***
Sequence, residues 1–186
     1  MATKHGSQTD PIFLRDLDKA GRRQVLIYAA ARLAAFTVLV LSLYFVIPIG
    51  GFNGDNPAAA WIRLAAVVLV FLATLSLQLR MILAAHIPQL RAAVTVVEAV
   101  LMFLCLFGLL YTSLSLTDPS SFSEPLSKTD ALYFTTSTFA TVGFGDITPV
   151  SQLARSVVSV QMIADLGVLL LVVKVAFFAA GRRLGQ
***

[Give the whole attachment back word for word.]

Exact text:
Sequence, residues 1–186
     1  MATKHGSQTD PIFLRDLDKA GRRQVLIYAA ARLAAFTVLV LSLYFVIPIG
    51  GFNGDNPAAA WIRLAAVVLV FLATLSLQLR MILAAHIPQL RAAVTVVEAV
   101  LMFLCLFGLL YTSLSLTDPS SFSEPLSKTD ALYFTTSTFA TVGFGDITPV
   151  SQLARSVVSV QMIADLGVLL LVVKVAFFAA GRRLGQ